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The entire concept of Survivor Series, or rather what Survivor Series has devolved into, has taken the wind out of the sails of what historically is one of the most memorable events of the WWE calendar. The constant struggle for “brand supremacy” that no fan takes seriously has watered down an event that should simply be an old-school, nostalgia based event. WWE seems hung up on the idea that Survivor Series HAS to be SmackDown vs RAW, but it does not have to be that way.
If Survivor Series simply just went back to its original incarnation, with babyface teams and heel teams, with the creative names, and the tag matches being used as a way to further existing feuds between the various heels and babyfaces, the event would be easy to watch and fun. Instead, we get an awkward event where the announcers constantly try to sell the idea that proving that RAW or SmackDown is superior to the other. Nobody is buying it. Just go back to the old formula, it would be something different on the calendar and allow for better storytelling and interesting matchups. Nobody cares about these people in blue shirts beating up people in red shirts.
Roman Reigns vs Drew McIntyre: ****
To me, this match is the biggest match WWE could produce if it had to involve two full-time wrestlers. Reigns and McIntyre are the two most protected wrestlers in the company, and this is the biggest match they could really produce. I hate that we saw it right now with only one week to build for it; to me this is a match you save for the main event of WrestleMania. If they really wanted them to work a match at Survivor Series, I think they should have done something like the old-school Survivor Series matches, with McIntyre and Reigns captaining teams and maybe they face off at the end.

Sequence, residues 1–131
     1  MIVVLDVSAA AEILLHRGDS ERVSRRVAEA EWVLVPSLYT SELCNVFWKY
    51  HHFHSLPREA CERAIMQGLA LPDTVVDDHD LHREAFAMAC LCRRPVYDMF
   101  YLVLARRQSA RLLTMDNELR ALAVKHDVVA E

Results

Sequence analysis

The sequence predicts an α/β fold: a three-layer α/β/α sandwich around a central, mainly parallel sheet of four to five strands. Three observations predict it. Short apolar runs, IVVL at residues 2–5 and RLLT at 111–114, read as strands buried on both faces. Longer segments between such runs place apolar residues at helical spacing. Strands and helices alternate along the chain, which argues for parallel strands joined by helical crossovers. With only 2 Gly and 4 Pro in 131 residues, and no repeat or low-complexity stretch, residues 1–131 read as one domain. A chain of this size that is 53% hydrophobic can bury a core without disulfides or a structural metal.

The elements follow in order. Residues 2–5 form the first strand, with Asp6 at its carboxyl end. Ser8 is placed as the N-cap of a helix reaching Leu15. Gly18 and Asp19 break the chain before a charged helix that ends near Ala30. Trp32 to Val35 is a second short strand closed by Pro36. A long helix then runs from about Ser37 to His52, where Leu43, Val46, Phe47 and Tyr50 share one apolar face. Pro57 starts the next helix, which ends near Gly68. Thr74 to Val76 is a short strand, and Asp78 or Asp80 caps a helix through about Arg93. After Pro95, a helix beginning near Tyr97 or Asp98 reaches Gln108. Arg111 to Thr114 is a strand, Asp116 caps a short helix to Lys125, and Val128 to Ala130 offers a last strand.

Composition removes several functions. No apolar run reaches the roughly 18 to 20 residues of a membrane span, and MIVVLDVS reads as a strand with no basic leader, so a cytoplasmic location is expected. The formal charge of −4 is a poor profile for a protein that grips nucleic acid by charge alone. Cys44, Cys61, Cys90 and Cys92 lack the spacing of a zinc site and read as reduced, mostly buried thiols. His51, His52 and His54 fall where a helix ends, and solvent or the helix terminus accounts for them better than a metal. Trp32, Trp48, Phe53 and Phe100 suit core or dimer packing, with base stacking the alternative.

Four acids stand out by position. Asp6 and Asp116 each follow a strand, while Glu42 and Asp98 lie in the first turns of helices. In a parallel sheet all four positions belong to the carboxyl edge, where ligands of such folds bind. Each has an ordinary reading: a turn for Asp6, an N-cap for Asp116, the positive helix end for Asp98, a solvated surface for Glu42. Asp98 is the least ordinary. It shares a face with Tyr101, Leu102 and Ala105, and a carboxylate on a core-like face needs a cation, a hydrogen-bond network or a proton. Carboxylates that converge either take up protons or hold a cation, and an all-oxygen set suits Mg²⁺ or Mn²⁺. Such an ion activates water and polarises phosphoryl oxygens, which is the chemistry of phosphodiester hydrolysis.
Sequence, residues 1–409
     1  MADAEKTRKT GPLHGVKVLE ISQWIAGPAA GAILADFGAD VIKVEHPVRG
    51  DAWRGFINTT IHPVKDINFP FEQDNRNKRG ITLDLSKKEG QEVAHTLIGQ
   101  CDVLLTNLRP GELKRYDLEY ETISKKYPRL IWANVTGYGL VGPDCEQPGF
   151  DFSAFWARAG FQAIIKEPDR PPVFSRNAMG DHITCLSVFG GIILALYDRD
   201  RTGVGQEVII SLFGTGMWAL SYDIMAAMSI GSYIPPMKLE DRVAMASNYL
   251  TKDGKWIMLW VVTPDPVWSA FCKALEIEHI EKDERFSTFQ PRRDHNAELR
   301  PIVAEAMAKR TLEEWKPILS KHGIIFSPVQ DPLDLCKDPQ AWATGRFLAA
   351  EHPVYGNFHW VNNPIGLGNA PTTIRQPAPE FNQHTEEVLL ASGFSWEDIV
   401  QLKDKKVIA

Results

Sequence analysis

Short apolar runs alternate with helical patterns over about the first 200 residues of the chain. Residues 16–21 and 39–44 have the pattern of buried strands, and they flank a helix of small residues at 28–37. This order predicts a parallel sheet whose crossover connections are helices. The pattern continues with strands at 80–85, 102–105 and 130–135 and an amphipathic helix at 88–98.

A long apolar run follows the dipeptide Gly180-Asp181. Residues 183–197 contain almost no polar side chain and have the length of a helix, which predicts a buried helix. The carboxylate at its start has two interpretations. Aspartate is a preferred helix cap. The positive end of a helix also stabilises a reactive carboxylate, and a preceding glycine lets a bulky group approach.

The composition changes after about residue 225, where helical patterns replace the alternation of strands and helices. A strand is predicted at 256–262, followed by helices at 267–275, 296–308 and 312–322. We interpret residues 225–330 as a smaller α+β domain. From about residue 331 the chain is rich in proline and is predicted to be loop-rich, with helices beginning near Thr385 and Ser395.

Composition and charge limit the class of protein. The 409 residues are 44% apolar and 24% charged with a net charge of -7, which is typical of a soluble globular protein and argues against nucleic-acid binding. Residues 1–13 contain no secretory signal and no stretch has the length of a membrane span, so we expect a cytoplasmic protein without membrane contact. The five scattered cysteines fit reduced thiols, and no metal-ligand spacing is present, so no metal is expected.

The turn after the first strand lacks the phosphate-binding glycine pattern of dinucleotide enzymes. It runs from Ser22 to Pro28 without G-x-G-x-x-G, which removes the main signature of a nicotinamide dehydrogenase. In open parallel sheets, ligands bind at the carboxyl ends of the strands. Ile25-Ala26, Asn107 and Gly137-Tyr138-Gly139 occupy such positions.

The match was good. It was a classic Heyman-patterned match, with a lot of chaos and big moves at the end. I thought throughout the match that both guys looked really good and felt like big stars. McIntyre in particular, getting in the ring with Reigns and just looking so big and athletic and crisp, he came across like a huge star, even though the loss obviously doesn’t help him.
I want to add that this match probably should have been in the main event. Again, this is the biggest match WWE could really produce right now, and it contains two major stars who are in their primes. Having them play second-fiddle to a bunch of stars from the past to coming out to pay tribute to another star from the past is kind of peak-WWE. The company consistently clings onto its past instead of building for its future.
The Undertaker Final Farewell
This was a fine segment for what it wanted to be. The Undertaker came out and cut a short in-character promo, basically announcing his retirement as best as The Deadman character can and then left. There were a bunch of old wrestlers that came out first as well, which was kind of strange because they then immediately vacated the ring, didn’t say anything and were never seen again.
I’m not sure if something has changed or not, but over the summer in his WWE Network special The Undertaker mentioned that if Vince asked him to come back for a match he would do it. Since Vince is constantly looking a “special attraction match” for his major shows (WrestleMania and the two Saudi Arabia shows) and since he rarely feels comfortable relying on the regular roster to deliver that kind of match, he is constantly booking The Undertaker, Brock Lesnar, Triple H or Bill Goldberg to appear on those shows. I think the likelihood of Vince asking The Undertaker for another match is extremely high, so I’m not totally sold on this retirement being legit. I do wonder if his image will be impacted at all by going so far on the retirement stuff, if he does actually come back.
Men’s Elimination Tag Match: **1/2
A collection of thoughts about this match:
*Rollins eliminating himself was simply stupid. I understand he is trying to sell some…character. However, if that character isn’t interested in winning matches, why should I care about him?